We can assess the degree of synchronization associated with each of the master data management architectural styles. In the registry master data management architecture, a thin master index maintains identifying information along with pointers to the data sources in which records referring to that master data object reside. Newly introduced data may be registered within the index and is available at the operational level as soon as it is persisted into the owning application’s data resource; therefore, timeliness is high, as is data currency and, accordingly, latency is low. However, since each application may have distinct records for each master object, the degree of consistency is low, and the variance between local copies also means that coherence will be low. In addition, for accesses to a conformed master record that is materialized and consolidated on demand, each request may result in slightly different views, so we might rate its determinism as low.

For the full repository, there is only one master copy. Newly introduced records are committed directly to the master repository; therefore, timeliness and consistency are high, as is the assurance of consistency across applications. In the absence of local copies, there is little concern regarding coherence, and accesses to the same record should almost always return the same result, so determinism is high.

For the hybrid model, in which a registry is augmented to hold some collection of master attributes that may be copied back to application data environments, it is difficult to assess any of these dimensions without a greater understanding of the implementation. A federated model may essentially reflect a cache paradigm, in which applications make copies of what is in the master repository;and as modifications are made to the local copy, they are forwarded back to the master. Actually, the issues associated with the hybrid model’s synchronization (as well as federated implementations of the transaction hub) are interesting enough to warrant deeper exploration, which we will target in an upcoming article.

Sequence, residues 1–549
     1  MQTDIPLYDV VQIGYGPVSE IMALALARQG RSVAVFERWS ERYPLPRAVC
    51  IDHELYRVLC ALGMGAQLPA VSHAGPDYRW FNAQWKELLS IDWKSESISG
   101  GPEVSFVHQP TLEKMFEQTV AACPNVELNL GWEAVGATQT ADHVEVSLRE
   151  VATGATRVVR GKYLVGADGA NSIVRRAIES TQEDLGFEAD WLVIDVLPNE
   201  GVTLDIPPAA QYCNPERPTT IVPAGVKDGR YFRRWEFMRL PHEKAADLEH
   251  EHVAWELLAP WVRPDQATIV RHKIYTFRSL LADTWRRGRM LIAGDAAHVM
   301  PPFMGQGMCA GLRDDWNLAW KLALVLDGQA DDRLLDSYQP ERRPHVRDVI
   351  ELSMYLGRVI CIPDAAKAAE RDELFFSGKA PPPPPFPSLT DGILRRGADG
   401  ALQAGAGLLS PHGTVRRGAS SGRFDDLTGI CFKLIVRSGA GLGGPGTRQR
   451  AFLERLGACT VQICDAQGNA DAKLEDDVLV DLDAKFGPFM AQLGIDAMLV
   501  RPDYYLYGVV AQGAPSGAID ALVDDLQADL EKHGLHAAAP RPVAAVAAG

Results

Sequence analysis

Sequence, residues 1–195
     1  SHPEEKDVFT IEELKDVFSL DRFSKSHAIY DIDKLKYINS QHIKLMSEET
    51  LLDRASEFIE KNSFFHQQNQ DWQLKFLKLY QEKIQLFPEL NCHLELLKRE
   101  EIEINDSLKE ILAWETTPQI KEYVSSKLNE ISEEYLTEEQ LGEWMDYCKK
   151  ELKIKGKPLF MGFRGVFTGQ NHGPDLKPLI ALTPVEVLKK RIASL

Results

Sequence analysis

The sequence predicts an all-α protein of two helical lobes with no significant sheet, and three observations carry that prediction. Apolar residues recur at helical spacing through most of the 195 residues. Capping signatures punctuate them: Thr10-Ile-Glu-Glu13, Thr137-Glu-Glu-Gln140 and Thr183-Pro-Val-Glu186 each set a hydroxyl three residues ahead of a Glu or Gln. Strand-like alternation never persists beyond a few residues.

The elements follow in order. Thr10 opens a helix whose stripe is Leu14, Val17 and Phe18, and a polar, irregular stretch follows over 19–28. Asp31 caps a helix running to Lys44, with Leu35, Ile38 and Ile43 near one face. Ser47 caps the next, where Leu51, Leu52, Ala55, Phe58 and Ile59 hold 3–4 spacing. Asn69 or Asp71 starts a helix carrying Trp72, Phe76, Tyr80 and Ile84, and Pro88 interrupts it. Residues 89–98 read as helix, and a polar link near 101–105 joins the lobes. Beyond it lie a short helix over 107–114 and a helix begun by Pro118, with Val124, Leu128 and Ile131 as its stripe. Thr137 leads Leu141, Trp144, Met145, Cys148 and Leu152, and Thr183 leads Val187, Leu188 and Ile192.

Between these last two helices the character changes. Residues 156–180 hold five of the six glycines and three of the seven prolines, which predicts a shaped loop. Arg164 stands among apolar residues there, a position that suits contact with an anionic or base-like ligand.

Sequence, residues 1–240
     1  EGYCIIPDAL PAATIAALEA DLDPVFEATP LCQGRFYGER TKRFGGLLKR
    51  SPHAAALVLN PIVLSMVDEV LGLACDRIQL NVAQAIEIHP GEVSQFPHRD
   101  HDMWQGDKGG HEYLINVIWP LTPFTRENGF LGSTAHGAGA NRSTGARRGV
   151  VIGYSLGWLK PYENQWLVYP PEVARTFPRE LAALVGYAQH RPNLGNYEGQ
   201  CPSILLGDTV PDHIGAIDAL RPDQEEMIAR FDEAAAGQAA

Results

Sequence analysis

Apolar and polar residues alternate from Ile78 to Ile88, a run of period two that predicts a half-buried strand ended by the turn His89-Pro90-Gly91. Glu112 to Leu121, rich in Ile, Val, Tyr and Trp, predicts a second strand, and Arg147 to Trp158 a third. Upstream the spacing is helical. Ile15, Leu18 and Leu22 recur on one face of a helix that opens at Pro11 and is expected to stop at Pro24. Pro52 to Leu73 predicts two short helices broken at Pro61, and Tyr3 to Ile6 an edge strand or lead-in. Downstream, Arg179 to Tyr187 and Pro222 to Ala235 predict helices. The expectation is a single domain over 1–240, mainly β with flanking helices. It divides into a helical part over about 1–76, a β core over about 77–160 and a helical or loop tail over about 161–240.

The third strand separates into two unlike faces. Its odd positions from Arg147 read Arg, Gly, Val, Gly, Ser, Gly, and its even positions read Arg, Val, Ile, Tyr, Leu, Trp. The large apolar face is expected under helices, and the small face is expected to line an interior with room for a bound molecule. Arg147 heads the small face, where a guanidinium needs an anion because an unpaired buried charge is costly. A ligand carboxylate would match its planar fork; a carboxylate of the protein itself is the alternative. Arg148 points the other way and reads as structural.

However, the real issue is not the variant synchronization attributes of the MDM architecture styles, but the determination of business application horizontal requirements for the synchronization dimensions. This doesn’t look at consistency of data within one processing stream, but the interaction of applications with respect to the set of the same master objects. Of course, this cannot be done in a vacuum and requires a generalized view of the entire business process architecture prior to making any kind of architecture implementation decision.

David Loshin

David is the President of Knowledge Integrity, Inc., a consulting and development company focusing on customized information management solutions including information quality solutions consulting, information quality training and business rules solutions. Loshin is the author of The Practitioner's Guide to Data Quality Improvement, Master Data Management, Enterprise Knowledge Management:The Data Quality Approach and Business Intelligence: The Savvy Manager's Guide. He is a frequent speaker on maximizing the value of information.